WALNUT EQUIP. LEASING CO., INC. v. LONG, 550 So.2d 998 (Ala.Civ.App. 1989)

WALNUT EQUIP. LEASING CO., INC. v. LONG, 550 So.2d 998 (Ala.Civ.App. 1989)
550 So.2d 998

WALNUT EQUIPMENT LEASING COMPANY, INC. v. Thomas J. LONG, individually,and d/b/a Montgomery Rental Company and d/b/a Taylor Rental Company.

Civ. 6915.Court of Civil Appeals of Alabama.
August 2, 1989.Rehearing Denied August 30, 1989.

Appeal from the Circuit Court, Montgomery County, Joseph D. Phelps, J.

William R. North of Pappanastos Samford, Montgomery, for appellant.

H.E. Nix, Jr., Alex L. Holtsford, Jr. and John R. Bradwell of Hill, Hill, Carter, Franco, Cole Black, Montgomery, for appellee.


Walnut Equipment Leasing Company (Walnut) filed an action in Alabama to enforce a Pennsylvania cognovit judgment against Thomas J. Long. After a hearing, the trial court granted Long’s motion for summary judgment. Walnut appeals. We affirm.

The record in pertinent part reveals the following. Long, a resident of Alabama, entered into a lease agreement with Walnut, a corporation doing business in Pennsylvania, for the lease of equipment. The lease agreement contained the following language:

“Lessee authorizes the Prothonotary or any attorney of any Court of record, whenever Lessee is in default hereunder, to appear for and confess judgment as often as necessary against Lessee. . . .”

After the execution of this lease, Long defaulted and Walnut filed suit in Pennsylvania. Long was never served with a copy of the complaint filed by Walnut, nor was he in any way notified that a suit was pending against him. Instead, the record reveals that, pursuant to certain procedures in Pennsylvania, Walnut’s lawyer appearedPage 999
for Long and consented to the judgment.

The dispositive issue on appeal is whether the Pennsylvania judgment is a valid judgment due to be given full faith and credit by the Alabama courts.

The requirement that a court have personal jurisdiction flows from the due process clause. This requirement of personal jurisdiction recognizes and protects an individual’s liberty interest. Insurance Corp. of Ireland, Ltd. v. Compagnie desBauxites, 456 U.S. 694, 102 S.Ct. 2099, 72 L.Ed.2d 492 (1982). The test for personal jurisdiction requires that the traditional notions of fair play and substantial justice not be offended by the maintenance of the suit. Insurance Corp.,456 U.S. 694, 102 S.Ct. 2099. However, since the requirement of personal jurisdiction represents an individual right, it can be intentionally waived. Insurance Corp., 456 U.S. 694,102 S.Ct. 2099. It is well settled that parties to a contract may agree in advance to submit to the jurisdiction of a given court and to waive notice completely. National Equipment Rental, Ltd. v.Szukhent, 375 U.S. 311, 84 S.Ct. 411, 11 L.Ed.2d 354 (1964).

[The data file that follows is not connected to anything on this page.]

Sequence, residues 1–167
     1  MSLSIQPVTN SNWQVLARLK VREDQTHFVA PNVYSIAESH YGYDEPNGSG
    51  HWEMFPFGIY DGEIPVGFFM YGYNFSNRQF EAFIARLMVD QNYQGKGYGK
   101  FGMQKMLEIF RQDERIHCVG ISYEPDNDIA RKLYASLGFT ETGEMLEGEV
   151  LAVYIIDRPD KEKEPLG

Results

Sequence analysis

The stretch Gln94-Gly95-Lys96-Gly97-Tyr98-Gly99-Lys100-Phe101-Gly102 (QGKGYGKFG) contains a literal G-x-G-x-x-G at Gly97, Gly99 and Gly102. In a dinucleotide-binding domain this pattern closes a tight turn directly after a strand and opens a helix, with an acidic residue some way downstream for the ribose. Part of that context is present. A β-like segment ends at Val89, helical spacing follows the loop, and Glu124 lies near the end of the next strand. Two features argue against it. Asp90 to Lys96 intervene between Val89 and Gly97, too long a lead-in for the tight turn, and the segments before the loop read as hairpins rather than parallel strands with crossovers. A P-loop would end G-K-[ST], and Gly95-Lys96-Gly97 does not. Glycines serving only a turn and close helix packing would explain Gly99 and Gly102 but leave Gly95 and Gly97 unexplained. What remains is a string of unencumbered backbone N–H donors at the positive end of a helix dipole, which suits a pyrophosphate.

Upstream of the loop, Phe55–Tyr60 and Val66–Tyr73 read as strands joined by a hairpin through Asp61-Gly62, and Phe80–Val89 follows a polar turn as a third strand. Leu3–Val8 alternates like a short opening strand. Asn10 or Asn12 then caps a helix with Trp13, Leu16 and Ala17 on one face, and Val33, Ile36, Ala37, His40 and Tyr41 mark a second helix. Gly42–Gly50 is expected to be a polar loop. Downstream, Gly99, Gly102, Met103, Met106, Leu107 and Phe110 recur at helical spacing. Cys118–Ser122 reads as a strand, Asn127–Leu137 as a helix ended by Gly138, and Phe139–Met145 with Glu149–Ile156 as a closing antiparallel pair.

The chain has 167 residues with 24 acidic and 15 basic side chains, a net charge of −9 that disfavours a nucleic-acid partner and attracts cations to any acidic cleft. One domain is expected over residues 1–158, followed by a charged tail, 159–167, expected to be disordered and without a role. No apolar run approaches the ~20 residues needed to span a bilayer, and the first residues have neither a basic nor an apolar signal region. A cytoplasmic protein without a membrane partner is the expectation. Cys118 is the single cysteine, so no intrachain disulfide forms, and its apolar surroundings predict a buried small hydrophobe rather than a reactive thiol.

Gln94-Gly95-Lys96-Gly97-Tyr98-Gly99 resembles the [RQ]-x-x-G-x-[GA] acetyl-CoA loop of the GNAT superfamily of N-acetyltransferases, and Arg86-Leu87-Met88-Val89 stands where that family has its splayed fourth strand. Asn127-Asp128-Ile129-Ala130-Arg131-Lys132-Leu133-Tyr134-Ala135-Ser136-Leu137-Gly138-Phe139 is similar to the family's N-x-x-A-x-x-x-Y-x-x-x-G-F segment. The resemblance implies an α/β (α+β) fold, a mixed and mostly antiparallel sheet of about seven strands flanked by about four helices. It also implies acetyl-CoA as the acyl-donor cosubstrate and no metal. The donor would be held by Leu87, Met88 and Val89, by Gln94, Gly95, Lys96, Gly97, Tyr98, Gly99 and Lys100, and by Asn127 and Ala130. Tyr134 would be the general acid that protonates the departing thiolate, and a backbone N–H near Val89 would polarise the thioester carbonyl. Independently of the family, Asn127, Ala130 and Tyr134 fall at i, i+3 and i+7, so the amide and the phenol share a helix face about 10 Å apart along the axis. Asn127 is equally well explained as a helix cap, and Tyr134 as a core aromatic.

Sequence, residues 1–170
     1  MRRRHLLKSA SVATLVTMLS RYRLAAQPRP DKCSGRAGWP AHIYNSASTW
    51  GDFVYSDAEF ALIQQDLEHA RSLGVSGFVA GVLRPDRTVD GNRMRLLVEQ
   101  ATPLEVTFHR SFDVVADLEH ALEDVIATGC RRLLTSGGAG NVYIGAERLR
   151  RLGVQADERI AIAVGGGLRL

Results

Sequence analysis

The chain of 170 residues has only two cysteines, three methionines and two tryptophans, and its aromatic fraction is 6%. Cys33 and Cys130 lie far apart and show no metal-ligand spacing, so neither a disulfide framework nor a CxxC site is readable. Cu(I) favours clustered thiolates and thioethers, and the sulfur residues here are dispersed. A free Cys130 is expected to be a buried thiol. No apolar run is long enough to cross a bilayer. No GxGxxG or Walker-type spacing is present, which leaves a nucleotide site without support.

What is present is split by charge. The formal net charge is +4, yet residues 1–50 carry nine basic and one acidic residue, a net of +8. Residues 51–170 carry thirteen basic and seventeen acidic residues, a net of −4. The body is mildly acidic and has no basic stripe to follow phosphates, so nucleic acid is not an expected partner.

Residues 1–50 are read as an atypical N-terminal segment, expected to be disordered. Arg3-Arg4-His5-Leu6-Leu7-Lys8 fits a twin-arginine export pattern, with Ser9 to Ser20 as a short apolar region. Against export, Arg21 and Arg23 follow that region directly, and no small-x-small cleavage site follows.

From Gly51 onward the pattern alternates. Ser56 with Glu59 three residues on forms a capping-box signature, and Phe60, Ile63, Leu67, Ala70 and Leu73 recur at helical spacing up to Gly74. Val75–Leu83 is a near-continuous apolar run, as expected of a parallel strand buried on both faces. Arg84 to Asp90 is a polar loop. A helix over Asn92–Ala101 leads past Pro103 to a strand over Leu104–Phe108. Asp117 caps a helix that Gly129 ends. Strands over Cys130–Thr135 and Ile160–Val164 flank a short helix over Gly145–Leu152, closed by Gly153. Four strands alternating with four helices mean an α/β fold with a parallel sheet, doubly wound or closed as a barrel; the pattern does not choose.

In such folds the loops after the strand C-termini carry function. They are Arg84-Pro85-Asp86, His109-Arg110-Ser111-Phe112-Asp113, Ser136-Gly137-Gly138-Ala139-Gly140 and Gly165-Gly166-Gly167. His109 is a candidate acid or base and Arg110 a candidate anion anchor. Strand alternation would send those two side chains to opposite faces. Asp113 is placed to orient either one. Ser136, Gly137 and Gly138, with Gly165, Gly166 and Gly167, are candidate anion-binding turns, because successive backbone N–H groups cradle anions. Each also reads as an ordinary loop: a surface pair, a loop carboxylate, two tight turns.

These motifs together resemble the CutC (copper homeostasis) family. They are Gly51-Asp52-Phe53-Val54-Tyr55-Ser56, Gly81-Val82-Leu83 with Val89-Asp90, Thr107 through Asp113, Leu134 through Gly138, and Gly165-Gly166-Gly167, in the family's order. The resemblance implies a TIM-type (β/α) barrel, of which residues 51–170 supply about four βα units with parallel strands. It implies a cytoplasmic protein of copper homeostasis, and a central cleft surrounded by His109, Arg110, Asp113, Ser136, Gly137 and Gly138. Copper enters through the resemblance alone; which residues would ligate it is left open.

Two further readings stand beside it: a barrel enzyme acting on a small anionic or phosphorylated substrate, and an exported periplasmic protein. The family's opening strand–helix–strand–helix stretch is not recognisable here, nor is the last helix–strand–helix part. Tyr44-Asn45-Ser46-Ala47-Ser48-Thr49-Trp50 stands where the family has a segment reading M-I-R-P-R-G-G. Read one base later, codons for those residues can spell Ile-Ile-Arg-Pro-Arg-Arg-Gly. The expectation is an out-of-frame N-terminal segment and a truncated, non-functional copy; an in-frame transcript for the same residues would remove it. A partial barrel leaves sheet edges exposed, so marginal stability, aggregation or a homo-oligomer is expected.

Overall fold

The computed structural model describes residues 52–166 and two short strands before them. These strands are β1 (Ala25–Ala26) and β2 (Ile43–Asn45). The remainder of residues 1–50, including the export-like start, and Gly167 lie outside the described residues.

Pennsylvania utilizes an ancient legal device known as the cognovit to accomplish such a result. This device allows the debtor to consent in advance to the holder’s obtaining a judgment without notice or hearing. See D.H. Overmyer Co. v.Frick Co., 405 U.S. 174, 92 S.Ct. 775, 31 L.Ed.2d 124 (1972). However, the debtor must voluntarily, intelligently, and knowingly waive the rights he otherwise possesses to prejudgment notice and hearing, and he must have done so with full awareness of the legal consequences. Overmyer,405 U.S. 174, 92 S.Ct. 775.

It is conceded by Walnut that the language in the lease agreement (set out above) is ambiguous and vague. It fails to identify the geographical boundaries to which it applies, and it does not delineate in specific terms that jurisdiction was conferred over Long in Pennsylvania. In fact, the language of the lease does not mention jurisdiction at all, and for all that appears, jurisdiction could be in any state. Additionally, Long submitted an affidavit stating that he never intended to waive his rights to notice or to confer personal jurisdiction to Pennsylvania. We also note that where there is an ambiguity in a lease, as in the instant case, it will be construed against the drafter of the document. Phillips v. Fogg,402 So.2d 1027 (Ala.Civ.App. 1981).

In view of the above, we find that Long did not voluntarily, intelligently, or knowingly waive his due process rights to notice and hearing. Therefore, in the absence of a showing of the required waiver of notice, jurisdiction was not conferred; the Pennsylvania judgment entered was not valid and was not entitled to full faith and credit. We find no error in the trial court’s grant of summary judgment in favor of Long.

This case is due to be affirmed.


INGRAM, P.J., and ROBERTSON, J., concur.